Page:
‘Funny People’ = socially conservative?

Today I was hoping to post a link to the review of Funny People that I wrote for the Daily Cardinal last week but, after a brief return this weekend, the DC’s website has slipped back into an apparent coma. I do apologize, though it actually may be for the better, in the sense that my review will become public property only after many if not most have already seen the film; after all, criticism is just as much about intervening in and transforming the pre-existent discussion surrounding a work of art as it is about telling the public whether or not they ought to bother with said work of art. OK, rationalization: check.

But in the meantime, NY Times columnist and self-identified conservative Ross Douthat has picked up my slack, sort-of-kind-of reviewing Funny People in his column today. Douthat loves the film because of its effectiveness as a morality play, and I agree that the moralism of Funny People is one of the film’s most salient elements. However, Douthat reads the film’s moralism as agreeing with the values of contemporary social conservatism (‘‘This time, doing the right thing has significant costs — but you have to do it anyway. This time, doing the wrong things for too long has significant consequences — and you have to live with them. It’s the first Apatow film in which love doesn’t conquer all. And it’s the first Apatow film in which you get punished for your sins.”). He extends this argument to include Apatow’s first two films, Knocked Up and The 40-Year-Old Virgin, claiming that the former film is essentially pro-life and the latter is essentially pro-… virginity?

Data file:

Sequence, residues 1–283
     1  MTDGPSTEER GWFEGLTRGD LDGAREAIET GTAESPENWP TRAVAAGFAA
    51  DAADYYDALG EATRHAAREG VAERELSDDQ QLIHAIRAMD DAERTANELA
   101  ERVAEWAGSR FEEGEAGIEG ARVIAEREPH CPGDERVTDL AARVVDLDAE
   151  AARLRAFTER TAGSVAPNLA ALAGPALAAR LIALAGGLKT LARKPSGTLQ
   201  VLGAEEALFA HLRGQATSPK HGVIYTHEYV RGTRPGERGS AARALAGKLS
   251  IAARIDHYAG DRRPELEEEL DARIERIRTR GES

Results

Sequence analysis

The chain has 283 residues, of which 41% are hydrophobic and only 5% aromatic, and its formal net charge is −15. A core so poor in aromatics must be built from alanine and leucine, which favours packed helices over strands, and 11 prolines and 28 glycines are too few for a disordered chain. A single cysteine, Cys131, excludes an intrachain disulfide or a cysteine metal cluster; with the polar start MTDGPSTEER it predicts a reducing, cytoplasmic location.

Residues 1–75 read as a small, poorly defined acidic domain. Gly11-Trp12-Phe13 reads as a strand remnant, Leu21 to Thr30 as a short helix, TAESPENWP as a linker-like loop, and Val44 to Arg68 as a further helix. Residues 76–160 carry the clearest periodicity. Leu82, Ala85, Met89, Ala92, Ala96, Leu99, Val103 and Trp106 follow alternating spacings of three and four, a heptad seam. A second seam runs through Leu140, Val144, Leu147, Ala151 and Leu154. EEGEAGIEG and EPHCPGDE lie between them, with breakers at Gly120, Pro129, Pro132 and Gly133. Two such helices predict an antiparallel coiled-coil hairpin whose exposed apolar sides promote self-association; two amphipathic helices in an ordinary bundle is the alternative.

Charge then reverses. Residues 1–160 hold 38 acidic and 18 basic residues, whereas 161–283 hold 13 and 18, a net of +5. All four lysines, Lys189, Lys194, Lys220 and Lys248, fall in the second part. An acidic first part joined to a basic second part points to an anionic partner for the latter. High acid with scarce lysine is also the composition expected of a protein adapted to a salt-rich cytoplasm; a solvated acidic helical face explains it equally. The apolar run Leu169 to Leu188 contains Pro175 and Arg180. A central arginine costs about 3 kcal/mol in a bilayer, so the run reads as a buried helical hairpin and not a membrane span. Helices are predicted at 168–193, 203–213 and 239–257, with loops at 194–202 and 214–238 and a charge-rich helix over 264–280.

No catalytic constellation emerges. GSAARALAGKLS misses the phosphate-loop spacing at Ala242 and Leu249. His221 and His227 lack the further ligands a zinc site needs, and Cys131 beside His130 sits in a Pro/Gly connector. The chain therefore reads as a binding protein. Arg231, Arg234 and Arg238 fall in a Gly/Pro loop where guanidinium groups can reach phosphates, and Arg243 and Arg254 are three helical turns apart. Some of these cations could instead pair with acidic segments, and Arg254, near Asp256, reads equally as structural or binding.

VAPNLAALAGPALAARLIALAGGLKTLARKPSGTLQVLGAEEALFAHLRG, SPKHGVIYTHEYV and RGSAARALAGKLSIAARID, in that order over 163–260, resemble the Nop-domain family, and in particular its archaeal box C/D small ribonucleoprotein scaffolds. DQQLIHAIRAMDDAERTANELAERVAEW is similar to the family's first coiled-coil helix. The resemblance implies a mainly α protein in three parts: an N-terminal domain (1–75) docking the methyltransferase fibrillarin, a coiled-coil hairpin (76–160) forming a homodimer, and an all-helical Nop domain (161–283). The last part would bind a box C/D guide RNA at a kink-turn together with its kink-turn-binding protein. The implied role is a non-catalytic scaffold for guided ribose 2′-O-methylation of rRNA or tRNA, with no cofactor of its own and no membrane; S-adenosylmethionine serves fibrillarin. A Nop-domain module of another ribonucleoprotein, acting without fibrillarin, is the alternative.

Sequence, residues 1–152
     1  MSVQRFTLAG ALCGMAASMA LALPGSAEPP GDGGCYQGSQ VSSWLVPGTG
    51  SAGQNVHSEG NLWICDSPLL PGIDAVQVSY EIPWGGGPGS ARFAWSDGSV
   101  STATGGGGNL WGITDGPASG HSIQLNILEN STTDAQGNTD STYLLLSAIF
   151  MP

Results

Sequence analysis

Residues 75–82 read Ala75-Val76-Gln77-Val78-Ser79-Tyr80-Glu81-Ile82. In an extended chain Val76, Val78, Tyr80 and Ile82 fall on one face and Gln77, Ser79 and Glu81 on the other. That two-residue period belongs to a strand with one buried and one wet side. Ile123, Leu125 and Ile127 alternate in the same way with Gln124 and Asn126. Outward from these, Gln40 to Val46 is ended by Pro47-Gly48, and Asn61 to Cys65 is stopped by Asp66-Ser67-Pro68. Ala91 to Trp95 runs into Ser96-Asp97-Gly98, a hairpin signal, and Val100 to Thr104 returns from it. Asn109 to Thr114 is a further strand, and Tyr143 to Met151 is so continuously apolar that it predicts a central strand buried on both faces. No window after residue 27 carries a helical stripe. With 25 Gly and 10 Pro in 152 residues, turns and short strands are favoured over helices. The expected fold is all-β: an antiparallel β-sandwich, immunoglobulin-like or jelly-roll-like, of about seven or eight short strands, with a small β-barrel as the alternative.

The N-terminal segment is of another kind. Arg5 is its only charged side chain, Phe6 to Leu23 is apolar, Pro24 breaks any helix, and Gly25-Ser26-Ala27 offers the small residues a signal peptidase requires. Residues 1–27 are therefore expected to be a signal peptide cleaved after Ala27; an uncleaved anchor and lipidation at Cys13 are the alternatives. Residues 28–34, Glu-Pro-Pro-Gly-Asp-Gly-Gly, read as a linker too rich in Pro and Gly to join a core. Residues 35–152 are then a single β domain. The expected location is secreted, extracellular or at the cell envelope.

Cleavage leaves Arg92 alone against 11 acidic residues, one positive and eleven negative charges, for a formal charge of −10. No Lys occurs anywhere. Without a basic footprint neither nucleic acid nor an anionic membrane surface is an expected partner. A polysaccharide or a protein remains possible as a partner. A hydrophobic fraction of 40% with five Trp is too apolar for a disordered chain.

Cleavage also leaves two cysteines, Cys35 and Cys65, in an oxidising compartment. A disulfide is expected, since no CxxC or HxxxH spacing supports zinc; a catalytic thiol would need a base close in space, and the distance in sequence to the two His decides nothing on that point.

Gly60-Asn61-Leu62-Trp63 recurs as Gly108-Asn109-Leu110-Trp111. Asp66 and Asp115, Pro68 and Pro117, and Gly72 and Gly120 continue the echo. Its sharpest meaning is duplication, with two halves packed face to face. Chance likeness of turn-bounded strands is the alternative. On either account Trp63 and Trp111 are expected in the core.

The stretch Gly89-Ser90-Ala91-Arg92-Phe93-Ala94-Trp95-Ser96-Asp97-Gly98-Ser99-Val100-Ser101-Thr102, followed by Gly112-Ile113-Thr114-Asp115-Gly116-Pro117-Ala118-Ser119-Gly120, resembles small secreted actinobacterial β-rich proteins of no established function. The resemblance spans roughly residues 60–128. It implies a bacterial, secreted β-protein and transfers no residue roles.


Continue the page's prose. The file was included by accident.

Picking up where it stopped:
What Douthat doesn’t seem to care about is whether the films themselves actually substantiate his arguments that they’re pro-life, pro-abstinence, and so on. Sure, Steve Carell ends up getting with Catherine Keener by the end of The 40-Year-Old Virgin, but only after a series of absurdly unpleasant experiences, none of which would be desirable to anyone, even someone who owns an extensive action figure collection. Sure, Katherine Heigl is rewarded by the end of Knocked Up for her decision to keep the baby, but her relatively sexually liberated lifestyle is antithetical to the conservative values that it’s supposedly vindicating. The stories told in Apatow’s films must be characterized as inherently secular; like it or not, religiosity is a key component of contemporary conservative morality. Furthermore, Douthat’s argument seems to posit ‘guilt’ and ‘responsibility’ as uniquely conservative feelings, which is a slick rhetorical move on his part, yet it’s also a totally ridiculous notion.

But why play ‘interpretation wars’ when we can simply follow the money? Apatow has consistently contributed to Democratic causes, including the campaigns of a certain socialist/Kenyan/racist/president, a phony war hero, and Howard Dean, among others. Obviously this doesn’t mean that Apatow isn’t a conservative at heart, but any attempt to construct him as one of our era’s great conservative artists amounts to a house of cards. The tricky thing about connecting a work of art to the left or to the right, unless the work has some explicit ideological affiliation (like Brecht, for example), is that it’s usually either the opposite or none of the above.

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